The people-watching, as advertised, was excellent: one vendor had a live parrot on her shoulder, and another had gone full hobbit, with pointy ears and a green Elven cloak fastened with a leaf clasp. I saw so many tattoos and costumes whose meanings I couldn’t begin to guess at, and mostly I saw a ton of folks having fun, in a world they inhabit and love.

We made sure to hydrate and take breaks, and I came away with a few fun souvenirs, including a Gryffindor keychain. I loved chatting with the locals (i.e. a few vendors) and exploring a part of G’s world alongside him. But by the end – I have to say – I was very ready to go home. We picked up tacos from a favorite local spot, headed back to my house, cracked open a new cider, and crashed.

Have you been to a con or other event like this? Did it feel like a foreign country to you?

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It started off small, as so many things do: with a job I hated and a commitment to buying myself flowers on Mondays.

My essay “Becoming the Crazy Flower Lady” is up at Random Sample Review! Please click over to read it, and let me know what you think, if you’d like.

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Last month, my girl Jackie and I took off on a Saturday morning, heading north up Route 1 to Portsmouth, New Hampshire, about an hour from Boston. (After 12 years in New England, my Texas-girl sense of space still marvels that you can get to another state that quickly.)

Our main destination was Book & Bar, which has had a facelift since I was there last, and still feels full of literary possibilities. We browsed for ages, split a salad and some yummy pretzel rolls, had a long chat with one of the managers, browsed some more. Eventually, we left to wander the main drag (and get caught in a rainstorm). But Jackie had another destination in mind to cap off our day: Auspicious Brew, a kombucha brewery in nearby Dover.

I’d only had kombucha once or twice before, and wasn’t sure I liked it: the fermentation can make it taste real funky. But I’d never even heard of a kombucha brewery, and from the moment we walked in, I was utterly charmed.

The brewery is in a former industrial space that reminded me both of Downeast and of the Lower Mills buildings, near where I used to live. It’s bright and funky, with potted plants and twinkle lights and hand-painted signs. We tried flights of kombucha, choosing from the eight (!) flavors they had on tap, and I picked up a mix-and-match four-pack to take home to my guy. You can also order Mexican food from the restaurant down the hall – they’ll even deliver it right to your table. We were hungry after a day of shopping and schlepping, so we took full advantage.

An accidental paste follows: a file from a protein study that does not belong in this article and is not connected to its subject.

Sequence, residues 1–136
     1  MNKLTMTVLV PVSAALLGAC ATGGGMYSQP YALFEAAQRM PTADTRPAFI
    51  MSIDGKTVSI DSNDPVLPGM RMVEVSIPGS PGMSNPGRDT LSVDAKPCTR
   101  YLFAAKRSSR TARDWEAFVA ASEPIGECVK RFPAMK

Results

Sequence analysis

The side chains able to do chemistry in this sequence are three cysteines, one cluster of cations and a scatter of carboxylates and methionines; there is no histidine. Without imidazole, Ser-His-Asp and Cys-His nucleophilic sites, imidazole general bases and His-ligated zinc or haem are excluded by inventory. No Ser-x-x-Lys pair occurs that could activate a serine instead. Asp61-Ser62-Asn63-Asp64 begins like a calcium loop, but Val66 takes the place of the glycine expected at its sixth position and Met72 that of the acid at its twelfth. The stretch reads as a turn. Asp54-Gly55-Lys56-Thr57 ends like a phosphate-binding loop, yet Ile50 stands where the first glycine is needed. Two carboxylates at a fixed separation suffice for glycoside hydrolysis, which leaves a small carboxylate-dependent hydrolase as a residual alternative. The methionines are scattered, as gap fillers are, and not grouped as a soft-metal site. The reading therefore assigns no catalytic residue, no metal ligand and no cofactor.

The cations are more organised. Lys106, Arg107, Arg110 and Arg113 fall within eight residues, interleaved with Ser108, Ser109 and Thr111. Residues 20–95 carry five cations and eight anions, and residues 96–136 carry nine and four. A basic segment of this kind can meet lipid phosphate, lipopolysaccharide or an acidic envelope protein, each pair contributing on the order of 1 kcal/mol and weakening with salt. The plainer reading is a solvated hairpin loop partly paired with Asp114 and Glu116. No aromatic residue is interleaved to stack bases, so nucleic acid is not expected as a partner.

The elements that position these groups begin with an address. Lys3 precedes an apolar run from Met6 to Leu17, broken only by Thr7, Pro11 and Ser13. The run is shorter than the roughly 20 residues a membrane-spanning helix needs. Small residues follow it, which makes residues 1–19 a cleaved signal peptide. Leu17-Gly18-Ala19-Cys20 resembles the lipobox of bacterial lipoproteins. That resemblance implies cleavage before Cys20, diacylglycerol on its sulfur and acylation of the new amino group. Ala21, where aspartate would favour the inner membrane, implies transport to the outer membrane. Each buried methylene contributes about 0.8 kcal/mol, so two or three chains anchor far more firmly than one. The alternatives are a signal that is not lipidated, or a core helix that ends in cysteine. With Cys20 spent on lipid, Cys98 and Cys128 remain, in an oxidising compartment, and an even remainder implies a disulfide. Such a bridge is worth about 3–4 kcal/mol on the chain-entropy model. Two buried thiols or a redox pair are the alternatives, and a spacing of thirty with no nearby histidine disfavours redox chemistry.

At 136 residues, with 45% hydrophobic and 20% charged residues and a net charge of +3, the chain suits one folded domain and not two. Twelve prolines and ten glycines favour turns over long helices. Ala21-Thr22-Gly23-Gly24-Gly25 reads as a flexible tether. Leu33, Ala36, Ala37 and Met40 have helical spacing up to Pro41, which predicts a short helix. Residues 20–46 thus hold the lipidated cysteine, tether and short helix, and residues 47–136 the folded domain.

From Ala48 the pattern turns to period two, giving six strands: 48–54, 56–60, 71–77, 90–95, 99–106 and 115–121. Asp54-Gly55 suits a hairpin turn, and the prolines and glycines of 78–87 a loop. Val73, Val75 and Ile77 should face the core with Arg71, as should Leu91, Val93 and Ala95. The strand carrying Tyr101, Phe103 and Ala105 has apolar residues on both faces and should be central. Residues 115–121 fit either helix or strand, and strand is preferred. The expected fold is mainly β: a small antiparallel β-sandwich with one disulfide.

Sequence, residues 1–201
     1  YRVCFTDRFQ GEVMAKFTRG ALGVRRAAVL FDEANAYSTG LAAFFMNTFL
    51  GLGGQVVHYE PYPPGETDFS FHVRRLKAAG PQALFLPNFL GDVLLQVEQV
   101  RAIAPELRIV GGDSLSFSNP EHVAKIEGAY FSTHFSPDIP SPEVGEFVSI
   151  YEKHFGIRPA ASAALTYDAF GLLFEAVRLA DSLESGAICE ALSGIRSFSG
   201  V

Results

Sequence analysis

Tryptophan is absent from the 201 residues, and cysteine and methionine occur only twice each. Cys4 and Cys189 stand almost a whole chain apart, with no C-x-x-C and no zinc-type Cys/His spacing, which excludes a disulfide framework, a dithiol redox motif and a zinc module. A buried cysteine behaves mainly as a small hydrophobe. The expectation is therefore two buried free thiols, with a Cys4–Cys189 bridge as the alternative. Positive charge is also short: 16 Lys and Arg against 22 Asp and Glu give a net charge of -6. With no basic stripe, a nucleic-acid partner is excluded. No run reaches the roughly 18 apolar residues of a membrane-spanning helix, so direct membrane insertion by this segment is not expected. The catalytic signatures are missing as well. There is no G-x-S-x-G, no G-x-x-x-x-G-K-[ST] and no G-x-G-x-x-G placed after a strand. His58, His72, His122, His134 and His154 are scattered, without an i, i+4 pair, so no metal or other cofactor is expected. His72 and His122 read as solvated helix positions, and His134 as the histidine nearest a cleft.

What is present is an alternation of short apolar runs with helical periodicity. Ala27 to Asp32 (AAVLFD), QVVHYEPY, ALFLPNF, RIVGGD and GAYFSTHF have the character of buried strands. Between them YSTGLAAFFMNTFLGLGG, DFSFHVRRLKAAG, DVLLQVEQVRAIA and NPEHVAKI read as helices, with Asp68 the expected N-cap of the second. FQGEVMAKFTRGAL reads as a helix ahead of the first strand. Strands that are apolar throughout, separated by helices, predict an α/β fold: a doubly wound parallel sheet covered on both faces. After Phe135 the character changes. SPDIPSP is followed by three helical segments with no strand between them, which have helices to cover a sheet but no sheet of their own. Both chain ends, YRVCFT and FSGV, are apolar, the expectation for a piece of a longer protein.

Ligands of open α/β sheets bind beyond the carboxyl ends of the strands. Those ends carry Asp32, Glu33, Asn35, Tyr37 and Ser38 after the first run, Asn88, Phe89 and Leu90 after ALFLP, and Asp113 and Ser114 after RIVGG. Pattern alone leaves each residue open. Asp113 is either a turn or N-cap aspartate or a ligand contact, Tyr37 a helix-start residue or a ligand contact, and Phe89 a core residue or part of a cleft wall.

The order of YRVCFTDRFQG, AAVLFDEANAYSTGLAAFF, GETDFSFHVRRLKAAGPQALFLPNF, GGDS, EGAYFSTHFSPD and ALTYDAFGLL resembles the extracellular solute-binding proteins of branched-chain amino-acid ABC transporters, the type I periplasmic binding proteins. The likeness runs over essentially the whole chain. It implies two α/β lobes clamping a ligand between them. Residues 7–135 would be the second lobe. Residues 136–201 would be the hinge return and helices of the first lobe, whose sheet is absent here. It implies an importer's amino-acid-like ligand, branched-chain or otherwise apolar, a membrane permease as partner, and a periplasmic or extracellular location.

I was surprised at how much I enjoyed the kombucha: it reminded me of the fruity ciders I love, with a little extra funk and some creative flavors. (Concord grape and cardamom – the dark purple one above – was surprisingly delicious.) We sipped and talked and snapped photos and talked some more. I was delighted to try something new and tasty, and it was even more fun to share it with a friend.

What local(ish) adventures and/or fun libations are you having, these days?

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Recently, on a mild midweek evening, my guy and I ate dinner at his house and then went for a walk through the neighborhood. We have savored these midweek dinners in this season; they began as taco nights, but have evolved to include lasagna or hot dogs or whatever is in the fridge or pantry on any given week. They also, sometimes, include episodes of Black-ish or The Mandalorian, but on this particular evening, we wanted to wander.

He lives in a mostly residential area, leafy and quiet and hard to get to by public transit; I like it, except that it’s not all that accessible. The houses are a mix of single-family, classic Boston triple-deckers, brick mid-century apartment blocks. There were, on that evening, so many climbing vines and blooming roses and blowsy, beautiful peonies.

We ended up at Kiki’s, a nearby market whose name always makes me smile, because it’s what my nephews call me. I’d never been inside, so we decided to go in for a browse. And to our surprise and my utter delight, we found the aisle you see above: lined with every conceivable kind of digestive biscuit, Cadbury chocolate bar, and various other British treats.

Suddenly I was 20 years old again, standing in the smallish Sainsbury’s on the Woodstock Road in Oxford, or in the tiny post office around the corner on North Parade. I was gazing at the unfamiliar chocolates in their purple wrappers, trying to decide which one to take home for my study session that night. I was in the House 10 kitchen with Jamie, late at night, munching on an orange-wrapped roll of Hobnobs biscuit, talking about dreams and travel and love.

There was more: custard creams and bourbon creams, jammy tea cakes wrapped in marshmallow and chocolate, the orange-scented Jaffa cakes that are my friend Cole’s favorite. I was taken back, too, to the tiny newsstand across from St Anne’s College, Oxford, where you could once buy a bag of broken biscuits (exactly what it sounds like) for a pound or two.

We brought home an assortment of biscuits, plus a Cadbury Mint Crisp bar (still my favorite), and some spicy beef jerky (G couldn’t resist). I was – am – completely surprised to find all these treats in such variety and volume, three blocks from G’s house in Brighton. It kicked my ever-present wanderlust back into gear, of course, but more than that it simply made me happy: so glad to find these goodies that are part of a place I love, and happy to share them with my favorite man.

What local adventures are you having, these days?